BY Piper Klemm
Whatever your personal thoughts on this weekend’s social media fiasco, the problem is clear:
What a group of people knows (thinks?) it takes to win at the highest level of our sport is unacceptable to much of our community.
You might say, “Our kids are soft,” “In my day,” whatever you want, but a huge quantity of people do not find how the students were talked to acceptable.
You might say, “It was hyperbole,” “It wasn’t meant to be aggressive horsemanship,” but a huge quantity of people do not find how the horses were discussed or treated acceptable.
You might say, “No one else knows how to train for the Olympics,” and that is very true, but a huge quantity of people do not care for the Olympics if the Olympics don’t align with their values first.
You might see US Equestrian as your organization and they gave the keys to the brand to those trying to win medals above all else.
You might see this as a generational issue, which it is. The sport is not what it was a generation ago in any sense. Daily life in 2024 has little in common with daily life in 1994. People hearing your criticism was limited to those who could walk up to you and tell you, not those who could literally incept your sleeping consciousness as you checked your alarm clock in the middle of the night.
You might see this as an expertise issue, which it is. Some people with little expertise have seen our sport only with a palatable coating applied—one that smooths over the reality of what is necessary to ride safely and successfully. Others with more expertise may assume damaging practices from long in their past are still necessary, when the state of the arts has legitimately improved. Both groups need to elevate, but I want you to think seriously about whether the “old school” methodology leaves horses and riders in less dangerous situations.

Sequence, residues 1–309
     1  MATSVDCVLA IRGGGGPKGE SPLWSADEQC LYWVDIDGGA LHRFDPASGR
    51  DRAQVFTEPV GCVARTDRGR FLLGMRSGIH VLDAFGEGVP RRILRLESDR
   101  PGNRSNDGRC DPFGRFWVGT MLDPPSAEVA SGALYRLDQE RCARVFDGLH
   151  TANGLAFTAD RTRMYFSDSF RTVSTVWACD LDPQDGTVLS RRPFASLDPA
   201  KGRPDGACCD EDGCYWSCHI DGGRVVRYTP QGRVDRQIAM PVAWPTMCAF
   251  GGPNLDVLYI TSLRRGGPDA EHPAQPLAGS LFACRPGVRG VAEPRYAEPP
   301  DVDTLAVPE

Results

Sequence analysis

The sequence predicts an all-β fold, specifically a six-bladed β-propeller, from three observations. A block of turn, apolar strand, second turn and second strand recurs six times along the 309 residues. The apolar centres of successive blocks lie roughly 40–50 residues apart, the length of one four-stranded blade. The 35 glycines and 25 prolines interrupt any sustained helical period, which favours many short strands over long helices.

From these generational and expertise differences, it’s easy to look at this and say, “We don’t know what the standards are.” Events of this weekend have shown us that the average equestrian doesn’t know what is currently perceived as “standard practice.” But it’s equally true that the average equestrian is not an expert trainer.
When is the end worth the means? When does a challenging lesson make a horse better or go too far? When does a challenging lesson make a rider better or go too far? This is really what we’re all debating. It is a very real discussion that needs to be had with every horse, every lesson, and every experience.
Those who are natural at this have a “feel” for teaching. Those who develop their feel become excellent and sought-out teachers and horse trainers; they develop intuition and study their data from earlier in their career to make better and better decisions from thousands of mistakes and millions of data points. Those who have less feel can still learn, study, and become good teachers and horse trainers.
Great trainers make mistakes. Everyone I know has tried something they were sure was the right decision for the horse that has massively backfired, and inexperience can have the same outcome as malice. People are tired, do too much, and think they can handle it, which easily leads to mistakes.
We have to differentiate well-intentioned mistakes from unethical behavior driven by actual greed, malice, and incompetence. It’s a tall order. I want to believe in everyone, to see the best in everyone. For me personally, there are plenty of cases where this has been a mistake. But it is also how I have met my greatest friends and have had the most fulfilling relationships. It’s a complicated process and we either miss out on a lot or get hurt a lot.
This is to say, riders in all disciplines are capable of things that are uncomfortable for the masses. Jumper people do things that would make anyone avert eye contact. The hunter people, if you are to believe Mary Knowlton’s discussion at the USHJA convention, can’t keep their horses up on four feet. I think we can all agree that we don’t want to come back to life as someone’s disappointing equitation horse. Beyond our own house, do we think other disciplines are more abusive than those we actively participate in?